United States District Court, N.D. Illinois, Eastern Division
MARTIN E. GOMEZ, Petitioner,
TERI KENNEDY, Warden, Respondent.
MEMORANDUM OPINION AND ORDER
Honorable Marvin E. Aspen United States District Judge.
us is Petitioner Martin E. Gomez's (“Gomez”
or “Petitioner”) motion to vacate, set aside, or
correct a sentence pursuant to 28 U.S.C. § 2254. (Pet.
(Dkt. No. 1).) The State of Illinois filed a response on
behalf of Warden Teri Kennedy (collectively
“Respondent”). (Resp. to Pet. for Relief
(“Resp.”) (Dkt. No. 6).) For the foregoing
reasons, we deny petitioner's request
for relief and deny a certificate of
was indicted for solicitation of murder in 2014. (Resp. at
1); People v. Gomez, 2014 IL App (3d) 12023-U,
¶ 2. In that 2014 proceeding, Gomez moved to dismiss the
indictment as based on false or misleading testimony to the
grand jury. Gomez, 2014 IL App (3d) at ¶ 2.
Gomez argued Respondent's indictment was based on false
or misleading testimony of Detective Denise Powers that
defendant solicited fellow inmate Miguel Hurtado to murder
his girlfriend. Id. at ¶ 5. Detective
Powers' testimony was partially based on a surreptitious
recording that Hurtado collected during a conversation with
Gomez. Id. at ¶ 6. Petitioner's claim
centers on whether Powers misled the grand jury in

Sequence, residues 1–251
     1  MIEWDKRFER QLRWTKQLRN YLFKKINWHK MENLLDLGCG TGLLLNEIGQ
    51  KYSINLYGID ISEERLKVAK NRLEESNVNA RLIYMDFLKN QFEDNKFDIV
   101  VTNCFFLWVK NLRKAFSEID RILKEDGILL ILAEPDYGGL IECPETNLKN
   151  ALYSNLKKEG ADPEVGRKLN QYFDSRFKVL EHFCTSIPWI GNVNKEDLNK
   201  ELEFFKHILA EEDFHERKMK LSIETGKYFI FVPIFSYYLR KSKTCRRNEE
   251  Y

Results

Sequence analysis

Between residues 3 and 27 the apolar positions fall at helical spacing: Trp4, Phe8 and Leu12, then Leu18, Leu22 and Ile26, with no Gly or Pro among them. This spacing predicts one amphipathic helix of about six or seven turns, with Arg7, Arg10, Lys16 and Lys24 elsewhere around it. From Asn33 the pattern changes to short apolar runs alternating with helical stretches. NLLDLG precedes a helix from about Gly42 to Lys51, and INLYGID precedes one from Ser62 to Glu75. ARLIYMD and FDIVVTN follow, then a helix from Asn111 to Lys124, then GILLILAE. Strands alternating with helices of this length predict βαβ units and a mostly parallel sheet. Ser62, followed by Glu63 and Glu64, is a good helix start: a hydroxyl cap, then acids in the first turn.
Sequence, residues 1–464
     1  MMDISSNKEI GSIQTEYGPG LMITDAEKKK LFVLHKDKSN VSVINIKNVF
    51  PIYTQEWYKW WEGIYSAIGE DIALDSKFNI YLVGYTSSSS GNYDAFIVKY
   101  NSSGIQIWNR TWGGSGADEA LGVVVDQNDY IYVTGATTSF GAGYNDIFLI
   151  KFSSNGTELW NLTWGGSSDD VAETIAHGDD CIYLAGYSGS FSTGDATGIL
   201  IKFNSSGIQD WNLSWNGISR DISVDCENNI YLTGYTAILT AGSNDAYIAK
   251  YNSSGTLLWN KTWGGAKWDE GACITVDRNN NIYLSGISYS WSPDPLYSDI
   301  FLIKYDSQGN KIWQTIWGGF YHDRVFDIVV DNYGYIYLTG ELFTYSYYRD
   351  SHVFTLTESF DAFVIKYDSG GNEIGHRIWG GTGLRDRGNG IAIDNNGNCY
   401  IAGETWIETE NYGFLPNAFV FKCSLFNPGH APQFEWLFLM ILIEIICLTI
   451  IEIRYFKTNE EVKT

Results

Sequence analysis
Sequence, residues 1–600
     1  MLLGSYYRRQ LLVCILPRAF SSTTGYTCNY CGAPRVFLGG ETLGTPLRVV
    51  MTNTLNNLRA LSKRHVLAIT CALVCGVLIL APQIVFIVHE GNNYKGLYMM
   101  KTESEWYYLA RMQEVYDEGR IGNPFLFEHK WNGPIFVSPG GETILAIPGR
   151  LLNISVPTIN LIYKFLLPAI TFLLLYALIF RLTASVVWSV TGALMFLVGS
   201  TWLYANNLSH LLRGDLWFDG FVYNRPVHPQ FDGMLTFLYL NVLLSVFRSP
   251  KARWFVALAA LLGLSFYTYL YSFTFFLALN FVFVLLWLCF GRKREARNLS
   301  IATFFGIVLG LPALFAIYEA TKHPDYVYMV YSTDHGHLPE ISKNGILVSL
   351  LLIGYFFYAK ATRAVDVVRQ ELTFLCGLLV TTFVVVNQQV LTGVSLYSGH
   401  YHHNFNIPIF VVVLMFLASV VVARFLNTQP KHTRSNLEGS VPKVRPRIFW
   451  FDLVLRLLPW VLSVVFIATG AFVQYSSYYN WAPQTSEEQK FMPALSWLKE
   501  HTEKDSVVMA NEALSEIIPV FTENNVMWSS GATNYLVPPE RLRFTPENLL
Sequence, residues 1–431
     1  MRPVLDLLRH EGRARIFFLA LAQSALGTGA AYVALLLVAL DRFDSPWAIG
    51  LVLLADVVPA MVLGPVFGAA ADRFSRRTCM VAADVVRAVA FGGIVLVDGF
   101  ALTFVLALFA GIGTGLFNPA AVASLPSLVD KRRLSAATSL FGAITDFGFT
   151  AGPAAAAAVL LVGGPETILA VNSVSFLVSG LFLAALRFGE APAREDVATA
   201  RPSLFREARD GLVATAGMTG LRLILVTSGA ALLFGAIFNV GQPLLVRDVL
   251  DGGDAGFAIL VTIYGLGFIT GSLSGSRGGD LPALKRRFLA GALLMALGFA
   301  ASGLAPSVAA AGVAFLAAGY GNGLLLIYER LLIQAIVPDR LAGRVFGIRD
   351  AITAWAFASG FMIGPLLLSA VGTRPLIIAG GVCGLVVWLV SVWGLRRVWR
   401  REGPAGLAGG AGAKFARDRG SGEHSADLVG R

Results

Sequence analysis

interpreting Gomez's request that Hurtado “get rid
of” his girlfriend as a request to kill Gomez's
girlfriend. Id. at ¶¶ 5-6. The trial judge
denied Petitioner's motion to dismiss the indictment, and
the parties proceeded to a bench trial. Id. at
trial, Gomez presented his interpretation of the recording.
Id. at ¶¶ 9-10. Gomez claimed he was
coerced into making the recording and that he actually only
wanted Hurtado to hide his girlfriend since she was being
pressured to testify against him. Id. at
¶¶ 10-11. The trial court judge listened to the
tape and credited Hurtado's account of the contents of
the tape. Id. The Illinois Court of Appeals affirmed
the trial court's determinations on both the indictment
and the sufficiency of the evidence to convict Gomez.
Id. at ¶¶ 16-17, 20, and 22. Gomez
appealed to the Illinois Supreme Court, but his appeal was
denied. People v. Gomez, 8 N.E.3d 1050, 1050 (Ill.
2014) (table op.). Gomez subsequently filed for collateral
relief in state court through a postconviction relief
petition that he dismissed voluntarily on April 13, 2019.
(Resp. at 3.)
petitioned this court for a writ of habeas corpus on April
26, 2019 under 28 U.S.C. § 2254, seeking relief under
the Due Process Clause based entirely upon the State's
introduction of false or misleading testimony before the
grand jury. (Pet. at 5.) In other words, the sole question
before this court is whether the trial court's denial of
Gomez's motion to dismiss the original indictment was
contrary to well-established law.
empowered to grant a writ of habeas corpus only if Petitioner
is imprisoned “in violation of the Constitution or laws
or treaties of the United States.” 28 U.S.C. §
2254(a); Estelle v. McGuire, 502 U.S. 62, 68, 112
S.Ct. 475, 480 (1991). Federal habeas relief may be granted
to a petitioner who can establish that the state court's
adjudication of his claim was “contrary to, or involved